Sixty (60) women farmer leaders drawn from several districts in the Northern, Upper East, Upper West and North East regions were sensitized on the Planting for Food and Jobs Phase II (PFJ 2.0) and had their capacity built to influence opportunities under the African Continental Free Trade Area (AfCFTA). The sensitization on the PFJ 2.0 provided the women the opportunity to identify the shortfalls of the program and how they could be integrated into the Aggregator system and also benefit from opportunities under the AfCFTA. This was undertaken during two zonal workshops organized in Tamale and Bolgatanga by the Peasant Farmers Association of Ghana (PFAG), in partnership with the Policy, Planning, Monitoring and Evaluation Directorate (PPMED) of the Ministry of Food and Agriculture (MOFA) and the National AfCFTA Coordinating Office (NCO).

Addressing participants during the training, the Executive Director of PFAG, Dr. Charles Nyaaba, commended government for responding to the calls of PFAG and other stakeholders to review the PFJ programme to respond to the needs of farmers. According to him, the Planting for Food and Jobs Program Phase I, did not deliver value for money as many farmers didn’t not enjoy full benefits of the program. To him, the emphasis of the program to focus on the provision of fertilizer and seeds rather benefited some private individuals at the expense of small holder farmers. He continued that the program’s failure to deal with issue of sub-standard inputs, consistent price increases and debts accounted for its low performance.

With respect to the PFJ 2.0, he was happy that the Ministry agreed with PFAG’s proposal to focus on a value chain approach of supporting farmers. He cited the market opportunities created under the AfCFTA as a great incentive for farmers to fully benefit from government support to expand their productive capacity. He bemoaned the high cost of production, coupled with sub-standard fertilizer and seeds, inadequate infrastructure and low access to credit as some of the major challenges that will limit Ghanaian producers from fully benefitting from the AfCFTA. He emphasized that women farmers and aggregators were particularly disadvantaged, since they have limiting opportunities as compared to their male counterparts. He was hopeful that the PFJ 2.0 will integrate women farmers and aggregators into the program and also enhance their opportunities to explore the AfCFTA market.

To shed light on the PFJ 2.0, a senior official with PPMED, Mr. Charles Adama Ayueboro, presented to participants the modalities of the program. According to him, the PFJ 2.0 is a five year programme that is anchored on four main principles; value chain approach, private sector focused, market driven and inclusivity. The program, will move away from direct input subsidy to a smart agricultural credit, which emphasizes an input credit system, storage and distribution infrastructure, off-taker arrangements, digital agricultural and agribusiness platform and Monitoring and Coordination. The program’s priority commodities include grains and legumes, vegetables, root and tubers and poultry. Accordingly, the program will operate through several key actors including an Aggregator, Financial Institutions, input suppliers and farmers, Mechanization and extension service providers, warehousing infrastructure, off-takers amongst others. The program according to him is expected to lead to improved access to credit, farm inputs and services, structured markets and enhanced food security and resilience. He added that the inclusive nature of the program will ensure that the women farmers and aggregators are not left behind.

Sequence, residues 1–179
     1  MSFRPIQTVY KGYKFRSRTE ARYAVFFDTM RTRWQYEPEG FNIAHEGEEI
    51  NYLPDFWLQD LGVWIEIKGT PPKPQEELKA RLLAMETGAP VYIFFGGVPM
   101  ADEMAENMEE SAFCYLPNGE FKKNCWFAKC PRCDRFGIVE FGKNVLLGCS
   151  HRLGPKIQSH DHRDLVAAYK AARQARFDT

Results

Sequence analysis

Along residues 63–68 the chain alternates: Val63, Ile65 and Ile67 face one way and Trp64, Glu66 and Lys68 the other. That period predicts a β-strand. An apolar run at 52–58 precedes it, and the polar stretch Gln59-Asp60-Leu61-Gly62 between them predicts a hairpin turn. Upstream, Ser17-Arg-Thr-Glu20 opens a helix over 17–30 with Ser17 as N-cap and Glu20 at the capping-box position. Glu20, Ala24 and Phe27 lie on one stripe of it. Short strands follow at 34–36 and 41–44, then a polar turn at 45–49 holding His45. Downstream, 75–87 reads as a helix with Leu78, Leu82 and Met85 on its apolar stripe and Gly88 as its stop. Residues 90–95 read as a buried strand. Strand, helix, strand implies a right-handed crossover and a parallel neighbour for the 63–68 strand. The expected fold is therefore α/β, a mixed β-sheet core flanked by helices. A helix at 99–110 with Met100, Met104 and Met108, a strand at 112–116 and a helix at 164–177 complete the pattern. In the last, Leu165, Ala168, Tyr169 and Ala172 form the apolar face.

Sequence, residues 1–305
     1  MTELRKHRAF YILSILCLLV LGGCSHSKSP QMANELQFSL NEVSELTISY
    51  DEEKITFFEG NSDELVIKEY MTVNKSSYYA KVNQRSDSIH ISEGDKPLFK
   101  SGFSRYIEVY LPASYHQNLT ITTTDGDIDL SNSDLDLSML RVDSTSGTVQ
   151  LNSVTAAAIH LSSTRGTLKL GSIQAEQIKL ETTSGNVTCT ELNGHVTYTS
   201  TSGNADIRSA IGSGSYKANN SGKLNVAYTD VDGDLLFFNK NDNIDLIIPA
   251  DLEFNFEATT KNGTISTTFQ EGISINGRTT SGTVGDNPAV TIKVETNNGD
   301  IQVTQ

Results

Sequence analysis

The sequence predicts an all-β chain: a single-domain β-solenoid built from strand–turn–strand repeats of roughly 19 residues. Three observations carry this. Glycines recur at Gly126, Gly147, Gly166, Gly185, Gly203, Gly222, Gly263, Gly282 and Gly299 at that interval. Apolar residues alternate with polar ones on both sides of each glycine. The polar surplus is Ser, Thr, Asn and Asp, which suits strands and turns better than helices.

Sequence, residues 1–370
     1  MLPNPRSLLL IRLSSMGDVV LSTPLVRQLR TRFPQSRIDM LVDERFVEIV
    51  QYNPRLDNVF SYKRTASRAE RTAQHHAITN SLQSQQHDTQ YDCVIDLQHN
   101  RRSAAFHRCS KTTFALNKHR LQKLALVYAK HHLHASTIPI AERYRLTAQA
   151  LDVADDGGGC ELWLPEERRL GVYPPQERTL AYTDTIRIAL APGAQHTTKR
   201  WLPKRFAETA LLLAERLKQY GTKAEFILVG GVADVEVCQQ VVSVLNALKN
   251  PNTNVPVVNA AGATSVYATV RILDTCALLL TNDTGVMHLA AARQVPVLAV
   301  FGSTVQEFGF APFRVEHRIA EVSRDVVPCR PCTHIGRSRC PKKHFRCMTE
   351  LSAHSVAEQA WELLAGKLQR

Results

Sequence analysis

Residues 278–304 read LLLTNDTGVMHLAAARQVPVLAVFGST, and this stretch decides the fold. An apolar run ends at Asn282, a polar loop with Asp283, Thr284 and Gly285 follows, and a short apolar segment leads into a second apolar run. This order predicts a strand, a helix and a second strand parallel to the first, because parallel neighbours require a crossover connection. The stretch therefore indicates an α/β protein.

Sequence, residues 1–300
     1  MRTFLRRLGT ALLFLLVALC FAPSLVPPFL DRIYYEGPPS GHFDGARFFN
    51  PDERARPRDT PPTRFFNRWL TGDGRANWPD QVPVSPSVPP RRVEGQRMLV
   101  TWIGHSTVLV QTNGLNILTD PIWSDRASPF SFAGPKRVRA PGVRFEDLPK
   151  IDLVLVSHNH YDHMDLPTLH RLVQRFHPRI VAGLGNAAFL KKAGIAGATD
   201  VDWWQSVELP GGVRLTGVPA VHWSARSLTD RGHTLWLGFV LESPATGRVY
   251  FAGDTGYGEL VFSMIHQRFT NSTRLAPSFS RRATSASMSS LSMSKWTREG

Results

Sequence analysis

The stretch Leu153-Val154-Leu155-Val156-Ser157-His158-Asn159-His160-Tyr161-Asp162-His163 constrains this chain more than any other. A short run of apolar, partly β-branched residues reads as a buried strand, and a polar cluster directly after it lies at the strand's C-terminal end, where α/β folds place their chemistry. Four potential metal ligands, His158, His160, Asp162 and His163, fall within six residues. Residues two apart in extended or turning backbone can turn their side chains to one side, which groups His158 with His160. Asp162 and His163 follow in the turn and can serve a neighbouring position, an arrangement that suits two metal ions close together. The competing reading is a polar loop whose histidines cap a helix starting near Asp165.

Mr. Wilfred Essuman, from the NCO, also highlighted marketing opportunities under the AfCFTA and how women farmers and aggregators can take advantage of. He took the women farmers through the National AfCFTA policy framework and procedures for registration, which included formal registration with all statutory institutions, production of commodities in commercial quantities, how to aggregate and the required standards and measures, improved packaging, competitive pricing and climate friendly farming. The modalities to acquire and apply for a certificate of origin in Ghana and the avenue to register with the outfit were all elaborated upon.

To enhance their capacity to ensure participation, the women farmers were taken through sessions on how to engage policy makers and ensure that their needs and concerns are addressed both in the PFJ 2.0 and AfCFTA. The women were made to identify key issues in the PFJ 2.0 and the AfCFTA. Some of the issues identified included the lack of deliberate targeting of women producers and aggregators under both programs, lack of knowledge on avenue for information and knowledge on both programs, high cost of registration to benefit from the AfCFTA which will deter more women from participating among others.

The participants had the opportunity to share these concerns with the representatives of the two state entities for onward presentation to their respective heads. They were also trained on how to engage frontline policy actors at the local level. The training served as an opportunity to equip them with the needed skills and technique to engage and have their issues resolved. Madam Perpetual, from Navrongo in the Upper East Region stated “I have learnt a lot from this training. When I return, I will mobilize my women group, so that all the issues with have the PFJ 2.0, we will meet and discuss with our district director”.  Another woman, Jahwarat from Yendi in the Northern region indicated “I had a lot of questions about the PFJ 2.0 and AfCFTA, but didn’t know who to ask. I’m happy that I had the opportunity to ask and also know where I can get additional information from”.









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